Louisiana law places a value on the guidance, love, and support that a loved one provides to others during his or her lifetime. As such, it understands that the untimely death of that loved one can cause his or her family members to suffer losses. The Louisiana wrongful death statute intends to compensate family members for those losses.

Wrongful death claims are litigated in “civil” court – not to be confused with “criminal” charges that are litigated in criminal court. If the responsible party committed a crime in the process of killing your loved one, such as in a drunk driving accident, any criminal charges that he or she might face are in addition to the wrongful death claim and are litigated separately.

Who can file a Wrongful Death Lawsuit?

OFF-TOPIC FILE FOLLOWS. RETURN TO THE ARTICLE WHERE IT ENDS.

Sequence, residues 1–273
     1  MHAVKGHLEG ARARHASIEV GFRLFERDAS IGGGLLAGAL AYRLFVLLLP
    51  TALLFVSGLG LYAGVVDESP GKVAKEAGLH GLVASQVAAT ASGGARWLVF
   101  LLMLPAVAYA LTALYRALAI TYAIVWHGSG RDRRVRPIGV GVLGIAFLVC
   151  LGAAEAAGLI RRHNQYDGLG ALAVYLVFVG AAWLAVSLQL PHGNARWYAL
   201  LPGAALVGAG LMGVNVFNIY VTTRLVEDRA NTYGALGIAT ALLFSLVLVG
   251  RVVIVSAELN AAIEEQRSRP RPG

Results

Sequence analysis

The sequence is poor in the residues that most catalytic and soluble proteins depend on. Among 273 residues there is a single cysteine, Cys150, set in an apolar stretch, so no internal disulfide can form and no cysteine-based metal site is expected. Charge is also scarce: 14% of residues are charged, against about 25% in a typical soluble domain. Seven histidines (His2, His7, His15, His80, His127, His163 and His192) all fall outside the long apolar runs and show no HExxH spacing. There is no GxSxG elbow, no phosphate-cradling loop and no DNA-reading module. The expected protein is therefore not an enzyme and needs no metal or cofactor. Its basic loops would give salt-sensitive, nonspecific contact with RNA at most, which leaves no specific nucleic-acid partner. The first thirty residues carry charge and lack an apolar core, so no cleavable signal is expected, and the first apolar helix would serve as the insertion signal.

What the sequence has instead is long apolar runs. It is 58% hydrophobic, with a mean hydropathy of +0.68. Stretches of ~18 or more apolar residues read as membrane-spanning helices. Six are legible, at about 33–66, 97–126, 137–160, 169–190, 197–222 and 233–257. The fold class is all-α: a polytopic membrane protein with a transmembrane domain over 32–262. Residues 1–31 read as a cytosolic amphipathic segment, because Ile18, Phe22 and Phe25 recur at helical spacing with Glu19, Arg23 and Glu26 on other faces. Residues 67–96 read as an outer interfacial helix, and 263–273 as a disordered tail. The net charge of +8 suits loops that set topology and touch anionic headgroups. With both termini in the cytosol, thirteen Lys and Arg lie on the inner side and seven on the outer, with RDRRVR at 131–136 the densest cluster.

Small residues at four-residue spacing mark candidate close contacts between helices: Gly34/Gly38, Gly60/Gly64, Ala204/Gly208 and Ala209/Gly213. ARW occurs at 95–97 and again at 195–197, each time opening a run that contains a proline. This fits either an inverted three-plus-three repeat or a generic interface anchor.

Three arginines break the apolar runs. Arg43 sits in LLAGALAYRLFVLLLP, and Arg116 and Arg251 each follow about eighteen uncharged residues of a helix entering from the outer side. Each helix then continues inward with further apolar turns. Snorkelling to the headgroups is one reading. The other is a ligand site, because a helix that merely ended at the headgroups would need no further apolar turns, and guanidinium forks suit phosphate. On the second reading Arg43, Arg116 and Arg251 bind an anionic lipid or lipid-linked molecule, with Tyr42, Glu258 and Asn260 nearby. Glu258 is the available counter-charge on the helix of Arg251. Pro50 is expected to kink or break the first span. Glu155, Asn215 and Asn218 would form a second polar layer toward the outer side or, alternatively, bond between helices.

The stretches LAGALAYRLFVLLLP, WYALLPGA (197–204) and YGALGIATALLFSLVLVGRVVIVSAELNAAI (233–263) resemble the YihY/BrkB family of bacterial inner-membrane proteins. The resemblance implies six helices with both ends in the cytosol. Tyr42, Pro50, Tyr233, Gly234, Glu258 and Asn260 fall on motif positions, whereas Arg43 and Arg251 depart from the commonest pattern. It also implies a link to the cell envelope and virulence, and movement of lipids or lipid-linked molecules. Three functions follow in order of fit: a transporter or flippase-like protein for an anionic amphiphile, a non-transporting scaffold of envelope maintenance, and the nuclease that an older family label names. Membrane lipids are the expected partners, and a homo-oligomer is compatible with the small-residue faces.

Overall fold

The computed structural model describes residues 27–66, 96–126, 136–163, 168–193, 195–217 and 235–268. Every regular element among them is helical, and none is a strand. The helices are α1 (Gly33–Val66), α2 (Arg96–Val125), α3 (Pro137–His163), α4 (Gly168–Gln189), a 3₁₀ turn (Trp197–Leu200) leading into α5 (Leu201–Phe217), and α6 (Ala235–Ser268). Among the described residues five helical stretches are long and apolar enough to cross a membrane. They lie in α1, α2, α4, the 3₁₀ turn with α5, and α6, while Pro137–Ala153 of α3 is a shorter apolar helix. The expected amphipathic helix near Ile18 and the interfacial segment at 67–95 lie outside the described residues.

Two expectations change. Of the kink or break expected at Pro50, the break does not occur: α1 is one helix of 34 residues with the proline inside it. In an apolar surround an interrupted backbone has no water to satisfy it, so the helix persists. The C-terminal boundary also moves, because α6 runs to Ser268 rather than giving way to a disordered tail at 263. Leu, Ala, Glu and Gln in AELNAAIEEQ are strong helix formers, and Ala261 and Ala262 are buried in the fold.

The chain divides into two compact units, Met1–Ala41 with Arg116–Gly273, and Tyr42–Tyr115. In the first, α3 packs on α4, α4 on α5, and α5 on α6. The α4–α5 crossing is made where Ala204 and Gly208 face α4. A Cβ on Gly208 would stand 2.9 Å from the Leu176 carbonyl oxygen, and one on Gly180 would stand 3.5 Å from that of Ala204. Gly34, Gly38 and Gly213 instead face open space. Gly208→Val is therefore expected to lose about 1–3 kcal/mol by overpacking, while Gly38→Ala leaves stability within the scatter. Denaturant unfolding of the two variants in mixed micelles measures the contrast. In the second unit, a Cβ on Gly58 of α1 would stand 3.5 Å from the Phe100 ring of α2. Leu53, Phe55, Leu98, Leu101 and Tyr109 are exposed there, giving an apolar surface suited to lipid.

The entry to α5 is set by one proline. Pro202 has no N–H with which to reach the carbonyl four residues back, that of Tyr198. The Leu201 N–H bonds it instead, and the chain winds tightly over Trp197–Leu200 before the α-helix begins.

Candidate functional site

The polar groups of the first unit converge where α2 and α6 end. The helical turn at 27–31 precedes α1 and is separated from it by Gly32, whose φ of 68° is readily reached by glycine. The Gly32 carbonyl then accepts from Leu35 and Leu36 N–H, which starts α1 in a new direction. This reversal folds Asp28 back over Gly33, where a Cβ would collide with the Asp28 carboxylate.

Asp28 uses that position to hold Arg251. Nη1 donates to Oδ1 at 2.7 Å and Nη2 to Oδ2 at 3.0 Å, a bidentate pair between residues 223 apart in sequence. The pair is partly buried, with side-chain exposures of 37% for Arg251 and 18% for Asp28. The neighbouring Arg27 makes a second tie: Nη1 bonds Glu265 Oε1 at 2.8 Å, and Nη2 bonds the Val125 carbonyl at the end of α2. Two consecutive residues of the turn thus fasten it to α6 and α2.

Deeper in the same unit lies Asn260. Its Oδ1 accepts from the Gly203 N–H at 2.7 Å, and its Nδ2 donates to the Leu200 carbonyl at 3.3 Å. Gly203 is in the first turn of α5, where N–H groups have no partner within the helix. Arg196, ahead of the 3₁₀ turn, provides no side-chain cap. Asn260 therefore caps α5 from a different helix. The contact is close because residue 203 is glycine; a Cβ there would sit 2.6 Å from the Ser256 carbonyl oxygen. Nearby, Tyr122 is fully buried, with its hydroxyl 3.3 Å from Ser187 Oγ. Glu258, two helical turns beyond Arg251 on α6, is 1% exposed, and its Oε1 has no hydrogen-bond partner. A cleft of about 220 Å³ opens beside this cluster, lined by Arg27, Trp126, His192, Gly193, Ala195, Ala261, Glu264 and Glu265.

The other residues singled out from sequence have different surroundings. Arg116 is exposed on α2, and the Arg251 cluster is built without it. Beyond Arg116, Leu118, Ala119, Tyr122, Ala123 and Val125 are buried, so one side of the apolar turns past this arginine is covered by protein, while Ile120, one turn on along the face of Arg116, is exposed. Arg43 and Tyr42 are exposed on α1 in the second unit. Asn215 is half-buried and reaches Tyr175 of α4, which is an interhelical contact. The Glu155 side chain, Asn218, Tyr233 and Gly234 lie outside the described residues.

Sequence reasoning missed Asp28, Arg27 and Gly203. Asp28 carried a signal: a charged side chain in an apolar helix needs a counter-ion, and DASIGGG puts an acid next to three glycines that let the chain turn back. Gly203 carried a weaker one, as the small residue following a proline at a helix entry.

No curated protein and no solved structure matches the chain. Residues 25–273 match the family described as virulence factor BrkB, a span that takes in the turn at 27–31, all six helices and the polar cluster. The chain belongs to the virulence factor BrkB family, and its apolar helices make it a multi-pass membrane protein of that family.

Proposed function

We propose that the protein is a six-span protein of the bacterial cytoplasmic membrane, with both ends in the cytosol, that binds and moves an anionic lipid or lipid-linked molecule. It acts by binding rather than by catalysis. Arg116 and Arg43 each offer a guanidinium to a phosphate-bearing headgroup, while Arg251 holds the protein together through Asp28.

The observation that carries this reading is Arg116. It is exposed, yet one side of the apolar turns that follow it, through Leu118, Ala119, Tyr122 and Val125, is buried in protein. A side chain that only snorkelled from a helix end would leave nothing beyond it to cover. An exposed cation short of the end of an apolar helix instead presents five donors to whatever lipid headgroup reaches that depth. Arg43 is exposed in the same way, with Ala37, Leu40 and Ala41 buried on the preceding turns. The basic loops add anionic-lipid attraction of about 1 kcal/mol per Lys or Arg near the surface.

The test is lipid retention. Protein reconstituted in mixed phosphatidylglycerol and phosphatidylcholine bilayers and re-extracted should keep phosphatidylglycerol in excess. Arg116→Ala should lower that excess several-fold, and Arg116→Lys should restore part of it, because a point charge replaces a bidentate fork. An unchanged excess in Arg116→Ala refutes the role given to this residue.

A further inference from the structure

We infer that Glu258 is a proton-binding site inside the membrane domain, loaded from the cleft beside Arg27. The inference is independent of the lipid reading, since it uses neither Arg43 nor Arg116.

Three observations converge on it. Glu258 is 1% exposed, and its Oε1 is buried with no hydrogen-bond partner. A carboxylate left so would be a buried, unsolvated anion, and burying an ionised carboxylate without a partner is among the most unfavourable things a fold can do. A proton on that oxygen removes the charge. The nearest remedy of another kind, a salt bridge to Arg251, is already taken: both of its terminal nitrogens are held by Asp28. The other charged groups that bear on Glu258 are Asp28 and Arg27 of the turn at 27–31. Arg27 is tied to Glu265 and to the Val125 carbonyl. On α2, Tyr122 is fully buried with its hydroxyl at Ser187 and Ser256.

Although there are multiple people directly affected by the death of a loved one, not just anyone can file a wrongful death lawsuit. The Louisiana Wrongful Death Statute provides a list of certain individuals who can bring wrongful death claims. However, not everyone falling on the list can bring one at the same time. The list prioritizes classes of individuals having that right, beginning with the lower numbered class and moving to the higher numbered class (top to bottom), as follows:

  • Spouse and Children: The surviving spouse and child or children of the deceased, or either the spouse or the child or children.
  • Parents: The surviving father and mother of the deceased, or either of them if he left no spouse or child surviving.
  • Siblings: The surviving brothers and sisters of the deceased, or any of them, if he left no spouse, child, or parent surviving.